We accept all A levels except General Studies.

IB:
QualificationGrade
International Baccalaureate34 points, 17 at higher level, including 6 in higher level History (or a related subject*) and 6 in higher level French

*Related subject includes subjects such as English, Philosophy, Religious Studies or Classical Civilisation or other humanities based essay writing subjects. Students applying without History will need to make a case in their personal statement.

 

International applications

We welcome applications from international students. Helpful information on applying, meeting a University representative in your country, or improving your English language levels can be found on the International Office website. If English is not your first language you will be required to pass an approved English test. We normally ask for an overall IELTS score of 6.5 with not less than 6.5 in Reading and Writing, 6.0 in Listening and Speaking.

Alternative qualifications

We welcome applications from candidates offering qualifications other than A and AS levels (including BTEC, European Baccalaureate, International Baccalaureate, Irish Leaving Certificate and Scottish Highers). You will be expected to attain an equivalent standard in other qualifications approved by the University to an A level applicant. Contact us for further information on equivalencies for these qualifications and others not listed here.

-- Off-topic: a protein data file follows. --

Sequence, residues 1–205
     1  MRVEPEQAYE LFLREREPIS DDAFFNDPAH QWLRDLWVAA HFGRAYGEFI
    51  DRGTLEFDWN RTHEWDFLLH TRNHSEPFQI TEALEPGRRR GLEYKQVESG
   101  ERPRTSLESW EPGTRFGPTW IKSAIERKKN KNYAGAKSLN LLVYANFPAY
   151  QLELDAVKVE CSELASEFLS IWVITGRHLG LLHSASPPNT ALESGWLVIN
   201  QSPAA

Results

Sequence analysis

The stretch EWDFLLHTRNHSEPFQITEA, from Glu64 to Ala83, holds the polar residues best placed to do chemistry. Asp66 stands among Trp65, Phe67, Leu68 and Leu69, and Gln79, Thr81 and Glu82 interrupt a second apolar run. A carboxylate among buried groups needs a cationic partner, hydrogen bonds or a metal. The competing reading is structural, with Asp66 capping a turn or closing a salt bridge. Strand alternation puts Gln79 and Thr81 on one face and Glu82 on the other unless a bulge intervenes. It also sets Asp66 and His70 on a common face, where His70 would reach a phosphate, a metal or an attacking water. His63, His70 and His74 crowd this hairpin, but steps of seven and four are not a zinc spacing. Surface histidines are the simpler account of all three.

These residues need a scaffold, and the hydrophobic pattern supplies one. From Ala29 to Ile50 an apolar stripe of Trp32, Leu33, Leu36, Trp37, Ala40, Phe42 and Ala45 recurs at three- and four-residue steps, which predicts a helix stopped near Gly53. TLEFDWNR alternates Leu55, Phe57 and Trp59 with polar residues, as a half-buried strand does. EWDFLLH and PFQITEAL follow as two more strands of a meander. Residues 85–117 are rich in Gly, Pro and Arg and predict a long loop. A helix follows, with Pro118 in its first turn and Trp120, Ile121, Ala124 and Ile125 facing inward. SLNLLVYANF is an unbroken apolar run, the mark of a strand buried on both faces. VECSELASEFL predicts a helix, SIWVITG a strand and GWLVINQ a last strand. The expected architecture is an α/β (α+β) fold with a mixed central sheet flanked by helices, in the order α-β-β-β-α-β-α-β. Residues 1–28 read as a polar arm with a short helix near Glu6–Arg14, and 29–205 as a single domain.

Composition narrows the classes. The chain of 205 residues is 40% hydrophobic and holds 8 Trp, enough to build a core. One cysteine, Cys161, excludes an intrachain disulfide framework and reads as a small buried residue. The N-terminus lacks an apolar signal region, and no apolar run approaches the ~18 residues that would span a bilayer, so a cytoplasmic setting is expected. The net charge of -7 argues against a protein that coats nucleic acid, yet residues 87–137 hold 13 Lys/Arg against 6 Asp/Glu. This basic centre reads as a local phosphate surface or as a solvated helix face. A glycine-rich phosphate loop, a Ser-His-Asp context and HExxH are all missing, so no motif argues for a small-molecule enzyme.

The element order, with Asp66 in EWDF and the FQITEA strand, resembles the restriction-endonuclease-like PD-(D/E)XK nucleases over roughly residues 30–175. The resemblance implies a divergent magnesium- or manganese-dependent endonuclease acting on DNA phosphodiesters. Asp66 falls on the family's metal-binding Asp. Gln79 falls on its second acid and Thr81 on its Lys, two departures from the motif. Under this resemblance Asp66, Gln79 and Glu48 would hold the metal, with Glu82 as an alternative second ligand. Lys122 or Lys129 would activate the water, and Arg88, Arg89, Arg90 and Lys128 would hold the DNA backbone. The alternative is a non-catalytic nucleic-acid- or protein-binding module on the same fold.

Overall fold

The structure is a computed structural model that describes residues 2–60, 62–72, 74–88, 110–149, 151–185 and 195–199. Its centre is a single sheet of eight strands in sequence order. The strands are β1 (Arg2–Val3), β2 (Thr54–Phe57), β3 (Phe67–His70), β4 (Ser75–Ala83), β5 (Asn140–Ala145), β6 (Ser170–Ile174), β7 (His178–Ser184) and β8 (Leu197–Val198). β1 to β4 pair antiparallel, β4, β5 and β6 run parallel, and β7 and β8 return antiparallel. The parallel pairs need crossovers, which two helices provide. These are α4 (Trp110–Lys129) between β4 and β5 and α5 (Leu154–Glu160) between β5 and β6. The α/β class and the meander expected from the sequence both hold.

Contextual Offers

The University of Southampton is committed to widening participation and ensuring that all students with the potential to succeed, regardless of their background, are encouraged to apply to study with us. The additional information gained through contextual data supports our admissions teams to recognise a student’s potential to succeed in the context of their background and experience. Students who flagged in this way will be made an offer which is lower than the typical offer for that programme.

A typical contextual offer is ABB from three A levels including Grades AB in French and History (or a related subject*) or an equivalent standard in other qualifications approved by the University.